Corresponding author address: Dr. Lisan Yu, MS#21, Department of Physical Oceanography, Woods Hole Oceanographic Institution, Woods Hole, MA 02543. Email: lyu@whoi.edu

Abstract

A new daily latent and sensible flux product developed at the Woods Hole Oceanographic Institution (WHOI) with 1° × 1° resolution for the Atlantic Ocean (65°S–65°N) for the period from 1988 to 1999 was presented. The flux product was developed by using a variational objective analysis approach to obtain best estimates of the flux-related basic surface meteorological variables (e.g., wind speed, air humidity, air temperature, and sea surface temperature) through synthesizing satellite data and outputs of numerical weather prediction (NWP) models at the National Centers for Environmental Prediction (NCEP) and the European Centre for Medium-Range Weather Forecasts (ECMWF). The state-of-the-art bulk flux algorithm 2.6a, developed from the field experiments of the Coupled Ocean–Atmosphere Response Experiment (COARE), was applied to compute the flux fields.

The study focused on analyzing the mean field properties of the WHOI daily latent and sensible heat fluxes and their comparisons with the ship-based climatology from the Southampton Oceanography Centre (SOC) and NWP outputs. It is found that the WHOI yearly mean fluxes are consistent with the SOC climatology in both structure and amplitude, but the WHOI yearly mean basic variables are not always consistent with SOC; the better agreement in the fluxes is due to the effects of error compensation during variable combinations. Both ECMWF and NCEP–Department of Energy (DOE) Atmospheric Model Intercomparison Project (AMIP) Reanalysis-2 (NCEP2) model data have larger turbulent heat loss (∼20 W m−2) than the WHOI product. Nevertheless, the WHOI fluxes agree well with the NCEP-2 Reanalysis fluxes in structure and the trend of year-to-year variations, but not with the ECMWF operational outputs; the latter have a few abrupt changes coinciding with the modifications in the model forecast–analysis system. The degree of impact of the model changes on the basic variables is not as dramatic, a factor that justifies the inclusion of the basic variables, not the fluxes, from the ECMWF operational model in the synthesis. The flux algorithms of the two NWP models give a larger latent and sensible heat loss. Recalculating the NWP fluxes using the COARE algorithm considerably reduces the strength but does not replicate the WHOI results. The present analysis could not quantify the degree of improvement in the mean aspect of the WHOI daily flux fields as accurate basinwide verification data are lacking.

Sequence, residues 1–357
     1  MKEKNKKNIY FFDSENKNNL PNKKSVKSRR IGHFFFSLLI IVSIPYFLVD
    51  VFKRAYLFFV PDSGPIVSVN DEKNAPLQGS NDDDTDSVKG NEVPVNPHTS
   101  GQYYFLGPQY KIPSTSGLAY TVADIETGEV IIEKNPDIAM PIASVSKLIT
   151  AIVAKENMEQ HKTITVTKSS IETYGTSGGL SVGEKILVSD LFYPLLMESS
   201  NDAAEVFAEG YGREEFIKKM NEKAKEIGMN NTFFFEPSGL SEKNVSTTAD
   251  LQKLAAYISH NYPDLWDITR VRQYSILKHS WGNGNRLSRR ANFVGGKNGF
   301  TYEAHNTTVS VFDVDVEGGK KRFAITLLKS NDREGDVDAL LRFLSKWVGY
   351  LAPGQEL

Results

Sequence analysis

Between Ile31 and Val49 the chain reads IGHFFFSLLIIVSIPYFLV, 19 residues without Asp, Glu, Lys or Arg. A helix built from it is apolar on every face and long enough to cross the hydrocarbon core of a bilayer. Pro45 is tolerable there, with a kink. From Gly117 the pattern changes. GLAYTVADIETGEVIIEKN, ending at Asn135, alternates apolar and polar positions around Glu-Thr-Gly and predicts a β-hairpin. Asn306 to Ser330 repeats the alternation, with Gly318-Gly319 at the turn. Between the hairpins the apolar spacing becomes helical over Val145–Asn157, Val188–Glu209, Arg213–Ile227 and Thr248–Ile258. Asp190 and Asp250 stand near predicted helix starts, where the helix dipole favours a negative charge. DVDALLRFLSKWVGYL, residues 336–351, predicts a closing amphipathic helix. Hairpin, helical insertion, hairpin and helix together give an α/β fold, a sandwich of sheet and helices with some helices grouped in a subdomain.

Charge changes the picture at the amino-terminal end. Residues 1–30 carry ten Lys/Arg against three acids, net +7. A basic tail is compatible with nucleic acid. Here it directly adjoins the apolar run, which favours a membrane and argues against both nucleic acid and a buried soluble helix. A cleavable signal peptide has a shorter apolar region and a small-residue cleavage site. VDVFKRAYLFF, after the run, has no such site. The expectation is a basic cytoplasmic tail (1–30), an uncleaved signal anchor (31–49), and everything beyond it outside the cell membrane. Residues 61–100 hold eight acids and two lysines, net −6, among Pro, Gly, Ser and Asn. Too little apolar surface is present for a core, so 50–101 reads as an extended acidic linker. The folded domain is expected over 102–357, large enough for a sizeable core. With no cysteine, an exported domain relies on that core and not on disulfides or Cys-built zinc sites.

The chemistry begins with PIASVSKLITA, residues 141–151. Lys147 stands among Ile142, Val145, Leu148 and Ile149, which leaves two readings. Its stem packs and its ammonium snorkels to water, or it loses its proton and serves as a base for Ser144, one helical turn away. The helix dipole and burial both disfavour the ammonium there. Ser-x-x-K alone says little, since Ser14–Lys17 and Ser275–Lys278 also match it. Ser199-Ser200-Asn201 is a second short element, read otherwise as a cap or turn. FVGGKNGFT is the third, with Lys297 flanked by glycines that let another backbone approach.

This study is the first to demonstrate that the synthesis approach is a useful tool for combining the NWP and satellite data sources and improving the mean representativeness of daily basic variable fields and, hence, the daily flux fields. It is anticipated that such an approach may become increasingly relied upon in the preparation of future high-quality flux products.

Current affiliation: NOAA/National Climate Data Center, Asheville, North Carolina

Corresponding author address: Dr. Lisan Yu, MS#21, Department of Physical Oceanography, Woods Hole Oceanographic Institution, Woods Hole, MA 02543. Email: lyu@whoi.edu